His conviction that characters must be seen in the context of their environments remained constant throughout his career. His was not a human-dominated universe, Bragg argued, but an interrelated whole, where species and the environment were seen to interact, where bonds between people, among families, with nature were acknowledged.

Bragg explained how Steinbeck’s holistic vision was determined both by his early years roaming the Salinas hills and by his long and deep friendship with Ed Ricketts, a marine biologist. Founder of Pacific Biological Laboratories, a marine lab housed on Cannery Row in Monterey, Ed was a careful observer of inter-tidal life: ‘I grew to depend on his knowledge and on his patience in research’, Steinbeck wrote in The Log from the Sea of Cortez (1951).  Through his friendship with Ricketts, Steinbeck was drawn to the study of coastal biology. He often went collecting with Ricketts to the Great Tide Pool in Monterey Bay and spent many hours in his friend’s lab preserving specimens. In 1940 he accompanied Ricketts on a specimen-collecting trip to the Gulf of California. The story of their journey and philosophical ruminations  was later published as The Log from the Sea of Cortez.  In a passage from that book, Steinbeck explains the significance of the tide pool metaphor that is central to Cannery Row:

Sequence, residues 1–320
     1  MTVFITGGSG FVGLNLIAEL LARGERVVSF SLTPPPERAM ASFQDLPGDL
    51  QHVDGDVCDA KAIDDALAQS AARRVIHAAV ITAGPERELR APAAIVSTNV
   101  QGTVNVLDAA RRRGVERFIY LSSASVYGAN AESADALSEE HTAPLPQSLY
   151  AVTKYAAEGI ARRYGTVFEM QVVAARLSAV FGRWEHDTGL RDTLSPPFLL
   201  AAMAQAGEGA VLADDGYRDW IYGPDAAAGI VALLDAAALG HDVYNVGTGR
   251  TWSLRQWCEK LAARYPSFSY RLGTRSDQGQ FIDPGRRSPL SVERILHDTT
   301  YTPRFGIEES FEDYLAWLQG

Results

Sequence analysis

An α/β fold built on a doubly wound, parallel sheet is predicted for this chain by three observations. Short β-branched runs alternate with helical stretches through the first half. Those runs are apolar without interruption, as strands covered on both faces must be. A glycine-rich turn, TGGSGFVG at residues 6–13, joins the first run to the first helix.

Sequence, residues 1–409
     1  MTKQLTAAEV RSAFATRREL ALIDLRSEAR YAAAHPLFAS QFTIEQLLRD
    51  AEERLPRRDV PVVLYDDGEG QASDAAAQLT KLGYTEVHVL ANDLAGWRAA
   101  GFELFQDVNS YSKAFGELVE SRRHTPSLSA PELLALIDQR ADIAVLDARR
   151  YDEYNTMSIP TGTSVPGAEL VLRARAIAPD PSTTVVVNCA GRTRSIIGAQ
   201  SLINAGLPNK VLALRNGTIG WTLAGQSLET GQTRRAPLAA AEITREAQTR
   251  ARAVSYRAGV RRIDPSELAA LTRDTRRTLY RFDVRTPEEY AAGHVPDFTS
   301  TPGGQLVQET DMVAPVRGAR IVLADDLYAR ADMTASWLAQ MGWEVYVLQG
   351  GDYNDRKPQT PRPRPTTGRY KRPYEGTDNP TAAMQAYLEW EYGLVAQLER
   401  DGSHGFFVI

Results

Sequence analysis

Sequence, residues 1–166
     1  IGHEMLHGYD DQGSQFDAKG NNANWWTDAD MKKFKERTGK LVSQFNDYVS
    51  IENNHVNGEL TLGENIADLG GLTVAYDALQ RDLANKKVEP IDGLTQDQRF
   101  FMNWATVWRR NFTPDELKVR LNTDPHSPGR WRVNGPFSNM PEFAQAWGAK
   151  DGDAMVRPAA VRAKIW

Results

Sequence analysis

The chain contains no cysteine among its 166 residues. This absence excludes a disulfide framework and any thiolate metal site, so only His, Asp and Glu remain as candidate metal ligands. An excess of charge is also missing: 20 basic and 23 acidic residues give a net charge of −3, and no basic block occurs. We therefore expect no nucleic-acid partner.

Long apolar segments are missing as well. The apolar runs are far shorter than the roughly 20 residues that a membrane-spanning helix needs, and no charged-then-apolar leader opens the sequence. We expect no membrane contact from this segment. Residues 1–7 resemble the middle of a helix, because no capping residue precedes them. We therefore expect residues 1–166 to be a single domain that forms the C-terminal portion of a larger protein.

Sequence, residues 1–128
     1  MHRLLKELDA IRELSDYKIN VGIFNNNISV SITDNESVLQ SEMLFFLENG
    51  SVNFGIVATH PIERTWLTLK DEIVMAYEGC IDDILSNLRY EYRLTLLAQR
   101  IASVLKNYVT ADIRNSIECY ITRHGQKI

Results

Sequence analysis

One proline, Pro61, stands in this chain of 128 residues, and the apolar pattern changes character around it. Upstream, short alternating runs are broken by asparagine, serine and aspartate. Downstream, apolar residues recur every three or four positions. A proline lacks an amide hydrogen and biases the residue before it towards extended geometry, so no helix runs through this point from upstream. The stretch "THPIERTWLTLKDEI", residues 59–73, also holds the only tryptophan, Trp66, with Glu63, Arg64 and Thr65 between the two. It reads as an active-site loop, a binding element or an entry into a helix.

In rubber boots we moved over the flat uncovered by the dropping tide; a silty sand made the water obscure when a rock  or a piece of  coral was turned over.  And as always when one is collecting, we were soon joined by a number of small boys. The very posture of search, the slow movement with the head down, seems to draw people. “What did you lose?” they ask.

“Nothing.”

“Then what do you search for?” And this is an embarrassing question. We search for something that will seem like truth to us; we search for understanding; we search for that principle which keys us deeply into the pattern of all life; we search for the relations of things, one to another, as this young man searches for a warm light in his wife’s eyes and that one for the hot warmth of  fighting. These little boys and young men on the tide flat do not even know that they search for such things too. We say  to them, “We are looking for curios, for certain small animals.”